Tuesday, February 3, 2015

Fitness is a hell of a drug.

So this next post has been really fucking hard to write. I did this whole pivoting thing and now somehow I cannot figure out what the hell to spout my mouth off about. Lets try some tidbits of useless information!

Life lately has been a constant struggle to force myself to take rest days, lots of time spent in little cafes working and attempting to write, awkwardly filming myself doing party tricks (aka mastering skills) in the gym, fueling myself with some really good food and dragging my lazy ass out of the house to hang with some brilliant people I get to call friends.

Training has started to consume my mind, body and soul. As soon as I see some sort of progress I yearn for more. I've even starting writing down my workouts, which is pretty out of character for the most unorganized person in the world (me). Also, the four pack I can see on my stomach is totally on its way to becoming a six pack.

I woke up like this.. to go work out

Olympic lifting is bad-fucking-ass. I know, it seems a little weird to spend hours in the gym lifting up pieces of metal and then putting them back down again.. but its addicting. Instead of giggling over SNL skits on YouTube I now find myself googling snatch technique and wondering why my parents didn't put me in weightlifting classes when I was younger.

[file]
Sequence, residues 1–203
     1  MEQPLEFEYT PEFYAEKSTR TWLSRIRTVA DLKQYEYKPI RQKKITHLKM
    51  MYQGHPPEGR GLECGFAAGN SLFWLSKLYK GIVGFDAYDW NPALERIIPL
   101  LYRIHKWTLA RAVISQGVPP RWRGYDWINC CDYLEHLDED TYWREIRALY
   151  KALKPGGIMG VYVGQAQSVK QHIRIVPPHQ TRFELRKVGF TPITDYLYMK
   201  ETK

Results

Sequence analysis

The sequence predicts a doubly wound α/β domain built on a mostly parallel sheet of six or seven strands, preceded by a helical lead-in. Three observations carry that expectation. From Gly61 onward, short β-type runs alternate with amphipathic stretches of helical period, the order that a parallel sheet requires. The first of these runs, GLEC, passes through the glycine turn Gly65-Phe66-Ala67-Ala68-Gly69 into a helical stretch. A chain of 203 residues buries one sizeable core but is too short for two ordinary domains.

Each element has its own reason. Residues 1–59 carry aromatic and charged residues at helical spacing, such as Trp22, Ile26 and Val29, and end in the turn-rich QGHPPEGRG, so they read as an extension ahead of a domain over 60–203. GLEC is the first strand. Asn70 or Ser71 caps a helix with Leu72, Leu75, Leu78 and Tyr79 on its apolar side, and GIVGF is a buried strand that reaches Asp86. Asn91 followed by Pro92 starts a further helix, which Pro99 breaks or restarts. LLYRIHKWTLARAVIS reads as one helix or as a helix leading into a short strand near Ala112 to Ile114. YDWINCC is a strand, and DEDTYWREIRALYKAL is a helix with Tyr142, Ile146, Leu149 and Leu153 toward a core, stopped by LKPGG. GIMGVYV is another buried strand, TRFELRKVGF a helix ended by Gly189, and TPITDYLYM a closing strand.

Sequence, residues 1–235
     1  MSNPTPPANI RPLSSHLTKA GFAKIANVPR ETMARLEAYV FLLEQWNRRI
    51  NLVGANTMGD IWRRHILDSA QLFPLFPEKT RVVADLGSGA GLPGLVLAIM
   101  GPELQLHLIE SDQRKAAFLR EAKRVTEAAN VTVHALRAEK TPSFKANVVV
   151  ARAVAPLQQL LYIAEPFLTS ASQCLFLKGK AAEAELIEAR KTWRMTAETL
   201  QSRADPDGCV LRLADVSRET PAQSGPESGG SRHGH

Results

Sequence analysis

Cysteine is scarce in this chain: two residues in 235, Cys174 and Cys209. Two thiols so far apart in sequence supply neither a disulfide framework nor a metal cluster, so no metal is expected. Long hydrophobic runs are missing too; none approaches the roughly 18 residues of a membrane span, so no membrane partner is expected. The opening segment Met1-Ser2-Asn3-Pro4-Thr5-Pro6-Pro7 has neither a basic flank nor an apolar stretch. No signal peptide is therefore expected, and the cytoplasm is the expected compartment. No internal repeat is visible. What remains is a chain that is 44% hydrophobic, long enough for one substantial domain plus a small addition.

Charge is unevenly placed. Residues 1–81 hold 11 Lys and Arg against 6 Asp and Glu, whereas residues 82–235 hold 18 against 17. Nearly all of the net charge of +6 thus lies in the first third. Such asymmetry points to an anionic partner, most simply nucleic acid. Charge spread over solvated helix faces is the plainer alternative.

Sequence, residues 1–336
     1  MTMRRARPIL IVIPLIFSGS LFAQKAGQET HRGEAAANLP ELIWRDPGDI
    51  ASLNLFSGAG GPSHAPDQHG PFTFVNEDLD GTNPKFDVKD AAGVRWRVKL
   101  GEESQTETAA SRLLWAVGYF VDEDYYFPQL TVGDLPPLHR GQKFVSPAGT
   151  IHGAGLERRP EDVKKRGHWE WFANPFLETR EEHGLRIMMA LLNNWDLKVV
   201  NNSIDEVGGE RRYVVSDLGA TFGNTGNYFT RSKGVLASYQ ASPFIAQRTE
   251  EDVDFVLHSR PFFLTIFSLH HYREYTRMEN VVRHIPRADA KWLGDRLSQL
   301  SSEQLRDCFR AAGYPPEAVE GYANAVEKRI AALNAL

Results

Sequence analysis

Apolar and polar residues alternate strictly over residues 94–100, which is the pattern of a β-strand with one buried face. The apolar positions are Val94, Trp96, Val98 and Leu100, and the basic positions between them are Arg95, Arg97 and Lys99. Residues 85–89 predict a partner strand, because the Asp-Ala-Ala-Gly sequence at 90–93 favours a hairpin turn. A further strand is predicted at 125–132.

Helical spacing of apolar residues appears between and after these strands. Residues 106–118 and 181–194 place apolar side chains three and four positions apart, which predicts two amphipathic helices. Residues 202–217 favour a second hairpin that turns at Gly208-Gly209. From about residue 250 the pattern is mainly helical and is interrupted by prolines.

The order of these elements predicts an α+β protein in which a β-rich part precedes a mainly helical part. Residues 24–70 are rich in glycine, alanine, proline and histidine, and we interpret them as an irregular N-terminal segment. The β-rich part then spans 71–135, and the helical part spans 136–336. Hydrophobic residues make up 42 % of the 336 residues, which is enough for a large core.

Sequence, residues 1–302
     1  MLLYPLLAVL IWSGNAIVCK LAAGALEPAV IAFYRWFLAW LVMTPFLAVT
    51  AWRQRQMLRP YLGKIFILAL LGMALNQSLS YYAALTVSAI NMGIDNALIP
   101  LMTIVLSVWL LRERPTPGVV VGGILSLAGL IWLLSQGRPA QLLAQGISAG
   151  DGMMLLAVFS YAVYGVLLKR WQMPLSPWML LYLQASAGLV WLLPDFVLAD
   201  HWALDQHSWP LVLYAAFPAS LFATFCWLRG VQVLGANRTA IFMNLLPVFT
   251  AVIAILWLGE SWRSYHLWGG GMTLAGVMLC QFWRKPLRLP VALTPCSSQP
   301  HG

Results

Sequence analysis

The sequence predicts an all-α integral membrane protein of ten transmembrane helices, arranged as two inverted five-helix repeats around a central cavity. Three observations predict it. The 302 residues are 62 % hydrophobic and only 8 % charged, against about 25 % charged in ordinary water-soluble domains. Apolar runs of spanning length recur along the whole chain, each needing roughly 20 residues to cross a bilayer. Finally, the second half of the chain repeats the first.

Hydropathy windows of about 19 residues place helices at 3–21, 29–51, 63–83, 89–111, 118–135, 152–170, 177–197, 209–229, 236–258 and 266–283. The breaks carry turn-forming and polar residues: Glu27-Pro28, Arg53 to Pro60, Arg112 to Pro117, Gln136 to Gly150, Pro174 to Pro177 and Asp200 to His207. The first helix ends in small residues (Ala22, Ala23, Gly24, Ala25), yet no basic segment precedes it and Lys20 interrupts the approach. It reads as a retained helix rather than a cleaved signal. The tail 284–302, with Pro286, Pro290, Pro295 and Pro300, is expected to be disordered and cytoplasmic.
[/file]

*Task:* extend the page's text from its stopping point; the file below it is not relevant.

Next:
In exactly one month I hop on a plane to California (don't worry BCN, I'll be back). I've spent more time planning where I'm going to do the Crossfit Open workouts than I have figuring out where I'm staying. #priorities

Hi, my name is Gillian and I'm an addict. You can find me covered in chalk, chewing on a Quest bar and practicing kipping pull-ups, all while discussing the latest WOD and planning my meals for the day.

Wednesday, January 28, 2015

I'm Pivoting: out with the same old healthy living info, in with me on a soapbox wearing spandex.

Ok, so maybe you've seen that Friends episode where they're moving the couch and Ross (or is it Chandler?) is screaming, "PIVOT, PIVOT?" Every damn time I think of that word, that is where my mind goes. However, that pivot was so 1990s. This one is so modern and techie that I'm going to reference HBO's satire of the Googly Apple-verse known as Silicon Valley.